W.K. Kellogg Foundation

Leadership Reconsidered: Engaging Higher Education in Social Change

This publication from the W.K. Kellogg foundation suggests that faculty have the opportunity and ability to become leaders in undergraduate education and to transform their institutions.

http://www.wkkf.org/default.aspx?tabid=101&CID=148&CatID=148&ItemID=1483368&NID=20&LanguageID=0

The full publication is available from the link above. Selected quotations:

College and university faculty are in a position to provide the kind of leadership that could transform their institutions toward greater “community, cooperation, and harmony.” To set the context for discussing the leadership role that faculty might play in institutional transformation, we begin this chapter with a brief overview of the role of the faculty and what it means to be a member of the academic profession.

Many faculty prefer to characterize their choice of the academic profession as a calling, a sense of mission and purpose that not only generates a feeling of selfworth and satisfaction in their daily lives, but also nurtures their desire to be associated with an institution that is rooted in idealism and hope. Faculty are indeed the stewards of our institutions of higher learning, in part because they tend to have the greatest longevity: the average faculty member spends between 30 and 40 years as a member of the academic profession.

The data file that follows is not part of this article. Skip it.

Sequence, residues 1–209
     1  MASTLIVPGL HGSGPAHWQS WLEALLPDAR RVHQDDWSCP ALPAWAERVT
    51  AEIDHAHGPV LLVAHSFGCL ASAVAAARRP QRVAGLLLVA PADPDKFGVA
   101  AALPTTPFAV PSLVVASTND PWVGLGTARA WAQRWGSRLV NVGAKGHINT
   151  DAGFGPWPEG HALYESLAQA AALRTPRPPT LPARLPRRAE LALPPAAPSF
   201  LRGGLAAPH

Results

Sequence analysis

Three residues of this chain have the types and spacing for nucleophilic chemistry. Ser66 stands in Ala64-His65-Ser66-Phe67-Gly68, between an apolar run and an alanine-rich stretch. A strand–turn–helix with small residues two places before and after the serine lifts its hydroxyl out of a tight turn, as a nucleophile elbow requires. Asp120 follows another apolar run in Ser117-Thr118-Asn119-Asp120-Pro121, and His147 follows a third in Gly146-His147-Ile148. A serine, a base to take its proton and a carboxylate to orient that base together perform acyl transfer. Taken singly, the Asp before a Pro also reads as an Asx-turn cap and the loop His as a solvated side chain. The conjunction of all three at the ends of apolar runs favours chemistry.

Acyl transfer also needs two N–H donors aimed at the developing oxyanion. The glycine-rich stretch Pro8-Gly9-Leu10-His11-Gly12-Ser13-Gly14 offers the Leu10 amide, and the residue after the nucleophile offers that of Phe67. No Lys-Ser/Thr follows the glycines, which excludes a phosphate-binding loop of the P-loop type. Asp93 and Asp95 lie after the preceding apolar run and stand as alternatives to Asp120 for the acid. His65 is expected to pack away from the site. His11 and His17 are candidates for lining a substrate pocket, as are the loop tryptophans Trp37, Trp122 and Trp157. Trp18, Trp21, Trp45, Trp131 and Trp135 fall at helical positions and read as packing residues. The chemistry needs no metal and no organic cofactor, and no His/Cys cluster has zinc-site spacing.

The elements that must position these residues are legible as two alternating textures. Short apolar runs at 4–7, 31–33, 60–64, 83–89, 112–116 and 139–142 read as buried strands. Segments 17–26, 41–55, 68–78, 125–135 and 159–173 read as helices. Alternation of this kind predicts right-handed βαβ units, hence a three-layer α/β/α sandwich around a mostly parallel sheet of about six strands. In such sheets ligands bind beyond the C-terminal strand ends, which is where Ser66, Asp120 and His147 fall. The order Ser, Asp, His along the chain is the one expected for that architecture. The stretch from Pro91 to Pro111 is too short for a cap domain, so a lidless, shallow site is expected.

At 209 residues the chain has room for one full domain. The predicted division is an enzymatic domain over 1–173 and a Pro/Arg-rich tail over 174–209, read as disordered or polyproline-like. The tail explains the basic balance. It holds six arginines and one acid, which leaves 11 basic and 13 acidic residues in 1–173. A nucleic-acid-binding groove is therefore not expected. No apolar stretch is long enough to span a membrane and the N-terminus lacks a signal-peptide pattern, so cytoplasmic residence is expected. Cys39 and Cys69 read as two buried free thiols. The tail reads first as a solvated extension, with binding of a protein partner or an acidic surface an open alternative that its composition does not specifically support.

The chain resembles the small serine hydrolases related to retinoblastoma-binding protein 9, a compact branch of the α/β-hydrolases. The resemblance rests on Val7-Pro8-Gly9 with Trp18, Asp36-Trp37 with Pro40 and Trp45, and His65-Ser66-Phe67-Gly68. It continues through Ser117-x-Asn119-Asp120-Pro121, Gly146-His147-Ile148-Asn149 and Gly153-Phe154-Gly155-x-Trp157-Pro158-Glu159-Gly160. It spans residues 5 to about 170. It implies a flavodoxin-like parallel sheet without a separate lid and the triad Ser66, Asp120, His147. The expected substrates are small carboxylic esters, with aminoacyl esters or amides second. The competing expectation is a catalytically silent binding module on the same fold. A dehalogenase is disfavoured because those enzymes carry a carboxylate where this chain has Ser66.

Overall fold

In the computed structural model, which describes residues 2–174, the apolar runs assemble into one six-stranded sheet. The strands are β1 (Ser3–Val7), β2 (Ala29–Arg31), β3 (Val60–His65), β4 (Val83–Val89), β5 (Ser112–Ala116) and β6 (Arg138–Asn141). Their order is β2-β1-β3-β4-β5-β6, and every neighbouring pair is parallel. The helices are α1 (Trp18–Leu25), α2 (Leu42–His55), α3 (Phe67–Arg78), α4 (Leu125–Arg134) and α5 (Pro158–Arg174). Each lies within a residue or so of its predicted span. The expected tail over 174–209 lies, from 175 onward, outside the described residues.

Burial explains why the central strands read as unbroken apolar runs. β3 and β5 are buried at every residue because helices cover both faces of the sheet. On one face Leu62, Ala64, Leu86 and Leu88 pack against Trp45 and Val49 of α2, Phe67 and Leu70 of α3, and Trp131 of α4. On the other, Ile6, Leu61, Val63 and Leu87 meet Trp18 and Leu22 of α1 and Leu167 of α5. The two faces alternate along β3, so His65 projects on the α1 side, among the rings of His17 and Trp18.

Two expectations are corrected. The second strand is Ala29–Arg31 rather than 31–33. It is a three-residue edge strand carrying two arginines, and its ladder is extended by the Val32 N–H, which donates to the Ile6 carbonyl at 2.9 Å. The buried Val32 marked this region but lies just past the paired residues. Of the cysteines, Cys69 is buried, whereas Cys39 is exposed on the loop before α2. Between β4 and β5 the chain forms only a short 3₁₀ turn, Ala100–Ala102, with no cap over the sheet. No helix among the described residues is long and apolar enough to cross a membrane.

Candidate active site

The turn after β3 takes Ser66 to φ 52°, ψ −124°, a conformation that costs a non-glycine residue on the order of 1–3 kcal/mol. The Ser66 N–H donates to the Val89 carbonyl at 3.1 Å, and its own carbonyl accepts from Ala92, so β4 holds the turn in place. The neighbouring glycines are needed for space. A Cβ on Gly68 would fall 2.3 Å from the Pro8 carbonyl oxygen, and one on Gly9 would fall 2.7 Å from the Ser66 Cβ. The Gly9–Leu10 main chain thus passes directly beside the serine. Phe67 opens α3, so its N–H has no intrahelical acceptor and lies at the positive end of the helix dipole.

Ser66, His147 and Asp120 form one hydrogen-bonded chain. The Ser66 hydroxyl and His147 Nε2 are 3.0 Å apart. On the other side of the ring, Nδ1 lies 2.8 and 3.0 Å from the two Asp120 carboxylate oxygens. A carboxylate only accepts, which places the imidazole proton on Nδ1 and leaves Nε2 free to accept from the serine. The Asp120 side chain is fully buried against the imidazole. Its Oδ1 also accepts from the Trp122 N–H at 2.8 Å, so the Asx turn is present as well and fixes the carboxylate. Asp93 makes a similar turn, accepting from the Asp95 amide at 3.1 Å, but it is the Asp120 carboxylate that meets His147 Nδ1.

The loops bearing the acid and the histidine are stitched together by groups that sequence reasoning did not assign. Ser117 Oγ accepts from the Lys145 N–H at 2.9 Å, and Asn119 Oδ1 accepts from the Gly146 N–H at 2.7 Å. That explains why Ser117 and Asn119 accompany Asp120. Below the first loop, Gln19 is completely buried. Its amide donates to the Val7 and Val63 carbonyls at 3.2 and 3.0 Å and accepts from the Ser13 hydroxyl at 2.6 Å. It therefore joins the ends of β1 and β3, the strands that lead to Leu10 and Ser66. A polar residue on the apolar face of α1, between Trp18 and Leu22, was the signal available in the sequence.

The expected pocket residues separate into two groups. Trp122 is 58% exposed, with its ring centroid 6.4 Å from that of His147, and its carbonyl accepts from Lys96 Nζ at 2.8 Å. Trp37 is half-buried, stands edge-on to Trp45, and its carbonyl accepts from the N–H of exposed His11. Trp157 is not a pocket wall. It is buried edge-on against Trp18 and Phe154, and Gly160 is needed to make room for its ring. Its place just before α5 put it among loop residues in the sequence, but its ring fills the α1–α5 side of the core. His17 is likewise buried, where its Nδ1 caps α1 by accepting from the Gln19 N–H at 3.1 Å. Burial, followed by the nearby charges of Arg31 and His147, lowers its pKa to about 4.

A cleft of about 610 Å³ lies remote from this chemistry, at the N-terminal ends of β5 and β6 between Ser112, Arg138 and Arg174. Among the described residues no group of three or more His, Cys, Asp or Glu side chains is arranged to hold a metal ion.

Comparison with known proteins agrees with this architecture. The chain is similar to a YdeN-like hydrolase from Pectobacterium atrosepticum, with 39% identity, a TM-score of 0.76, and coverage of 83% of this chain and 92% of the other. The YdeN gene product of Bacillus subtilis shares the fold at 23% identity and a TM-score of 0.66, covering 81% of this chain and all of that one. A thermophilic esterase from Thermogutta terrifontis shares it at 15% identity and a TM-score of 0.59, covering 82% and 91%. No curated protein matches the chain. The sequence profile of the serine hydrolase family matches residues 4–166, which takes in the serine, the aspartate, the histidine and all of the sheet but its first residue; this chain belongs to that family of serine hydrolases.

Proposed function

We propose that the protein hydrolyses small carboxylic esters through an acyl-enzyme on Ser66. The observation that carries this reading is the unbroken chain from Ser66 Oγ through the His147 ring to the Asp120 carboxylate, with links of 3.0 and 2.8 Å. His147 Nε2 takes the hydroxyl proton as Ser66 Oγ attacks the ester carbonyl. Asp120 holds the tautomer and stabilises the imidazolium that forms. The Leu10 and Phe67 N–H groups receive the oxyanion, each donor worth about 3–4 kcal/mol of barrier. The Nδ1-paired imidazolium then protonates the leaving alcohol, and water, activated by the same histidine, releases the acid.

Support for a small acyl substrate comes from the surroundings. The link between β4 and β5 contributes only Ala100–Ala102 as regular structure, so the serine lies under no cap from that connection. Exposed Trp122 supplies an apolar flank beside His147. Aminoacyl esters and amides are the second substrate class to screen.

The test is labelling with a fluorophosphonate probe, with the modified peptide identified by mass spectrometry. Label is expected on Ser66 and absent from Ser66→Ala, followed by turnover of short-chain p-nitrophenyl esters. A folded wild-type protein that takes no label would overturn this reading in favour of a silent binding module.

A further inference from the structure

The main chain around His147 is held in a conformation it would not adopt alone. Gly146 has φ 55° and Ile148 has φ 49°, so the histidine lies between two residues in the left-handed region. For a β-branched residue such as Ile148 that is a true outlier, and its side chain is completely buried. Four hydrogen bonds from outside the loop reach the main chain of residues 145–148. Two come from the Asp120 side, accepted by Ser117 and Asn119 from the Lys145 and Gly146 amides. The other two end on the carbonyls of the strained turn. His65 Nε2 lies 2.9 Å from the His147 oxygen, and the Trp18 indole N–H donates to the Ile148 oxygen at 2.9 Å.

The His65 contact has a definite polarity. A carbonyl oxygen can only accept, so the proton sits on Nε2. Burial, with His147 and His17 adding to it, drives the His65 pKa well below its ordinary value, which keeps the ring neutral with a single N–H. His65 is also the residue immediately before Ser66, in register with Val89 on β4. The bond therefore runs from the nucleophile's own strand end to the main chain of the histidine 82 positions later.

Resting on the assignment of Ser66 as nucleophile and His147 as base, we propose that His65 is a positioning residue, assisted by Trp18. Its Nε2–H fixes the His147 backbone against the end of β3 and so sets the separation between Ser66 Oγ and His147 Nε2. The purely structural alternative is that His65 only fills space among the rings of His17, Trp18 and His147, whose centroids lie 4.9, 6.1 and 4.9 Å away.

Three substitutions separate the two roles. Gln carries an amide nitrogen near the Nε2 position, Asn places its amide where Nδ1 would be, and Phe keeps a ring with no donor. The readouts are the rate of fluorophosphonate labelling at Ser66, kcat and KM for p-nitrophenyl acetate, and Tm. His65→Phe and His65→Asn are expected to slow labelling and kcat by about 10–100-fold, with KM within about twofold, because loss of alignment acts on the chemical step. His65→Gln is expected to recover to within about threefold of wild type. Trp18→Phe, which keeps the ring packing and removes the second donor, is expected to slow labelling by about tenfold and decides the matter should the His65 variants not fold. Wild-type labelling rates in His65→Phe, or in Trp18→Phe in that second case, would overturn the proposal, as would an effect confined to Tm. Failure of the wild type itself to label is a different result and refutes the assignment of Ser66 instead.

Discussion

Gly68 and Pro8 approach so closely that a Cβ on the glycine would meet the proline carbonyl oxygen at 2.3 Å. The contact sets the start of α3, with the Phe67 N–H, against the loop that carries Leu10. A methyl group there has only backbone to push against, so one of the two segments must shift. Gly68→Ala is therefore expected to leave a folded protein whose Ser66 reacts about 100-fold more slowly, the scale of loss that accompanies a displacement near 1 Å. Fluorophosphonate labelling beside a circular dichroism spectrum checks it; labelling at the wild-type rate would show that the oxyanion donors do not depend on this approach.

The academic profession is a profession more of choice than of chance. When asked to report their reasons for choosing an academic career, about threefourths of faculty members indicate that they were attracted by the opportunity to work with ideas, the freedom to pursue their intellectual interests, and the opportunity to teach others. The fact that the academic profession also provides for great autonomy, freedom, and flexibility is an added attraction to people who choose academic careers (Sax, Astin, Korn, & Gilmartin, 1999).

College teaching is a time-honored profession that includes sharing part of one's self with students. It allows faculty the opportunity to mentor and contribute to the development of students in their roles as learners. As teachers, faculty believe that they can facilitate the learning process by instilling in students a thirst for continuous learning and a quest for answers to complex problems. They see themselves as encouraging students to create their futures by preparing them for a range of unforeseen challenges that lie ahead.

— Used with permission from Leadership Reconsidered: Engaging Higher Education in Social Change. W.K. Kellogg Foundation, 1999.